Cornwall and Devon host some of the most significant metallic mineralization in the UK and were an obvious location for geochemical research. Professor John Stuart Webb (1920–2007) and his Applied Geochemistry Research Group at Imperial College, London, provided a framework for much exploration through the ‘Wolfson Geochemical Atlas of England and Wales’, as well as a number of related projects.

The regional geochemistry was followed-up by a number of commercial and government surveys, mainly using residual soils. These have validated many of the techniques developed at Imperial College although no new mines have resulted. Surveys around the Wheal Jane mine and north of the St. Austell granite have located new areas of mineralization associated with the main phase of vein formation, as well as tourmaline-rich breccias and calc-silicates. The distribution of pathfinder elements for Sn and W deposits is erratic and As enrichment appears to be related to distinct host sediments and granite phases.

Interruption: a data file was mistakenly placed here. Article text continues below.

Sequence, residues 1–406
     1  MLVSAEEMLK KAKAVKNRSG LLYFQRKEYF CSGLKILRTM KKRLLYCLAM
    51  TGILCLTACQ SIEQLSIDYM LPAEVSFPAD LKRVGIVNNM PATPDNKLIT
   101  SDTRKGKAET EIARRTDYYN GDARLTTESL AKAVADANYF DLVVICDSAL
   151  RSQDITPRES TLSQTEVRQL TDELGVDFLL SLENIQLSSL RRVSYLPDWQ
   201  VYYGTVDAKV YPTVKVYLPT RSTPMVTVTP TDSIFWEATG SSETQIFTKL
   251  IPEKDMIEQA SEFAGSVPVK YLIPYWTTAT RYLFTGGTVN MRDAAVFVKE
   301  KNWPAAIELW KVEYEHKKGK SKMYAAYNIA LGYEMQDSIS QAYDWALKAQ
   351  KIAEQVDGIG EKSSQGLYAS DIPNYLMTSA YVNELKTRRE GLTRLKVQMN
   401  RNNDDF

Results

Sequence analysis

Base metal exploration has defined areas of enrichment within lower Carboniferous sediments, which were detected in the early Imperial College surveys. Deep overburden sampling defined drill targets which intersected sub-economic mineralization. Gold exploration defined a number of targets which appeared largely to be the result of a number of phases of heavy mineral concentration. An exception was low-grade mineralization in Permian volcanic rocks.

Very little work has been done on the subsurface signature of the deposits and their relation to the differing granites. This, which was partly the focus of Webb's early work, is a priority for further study.

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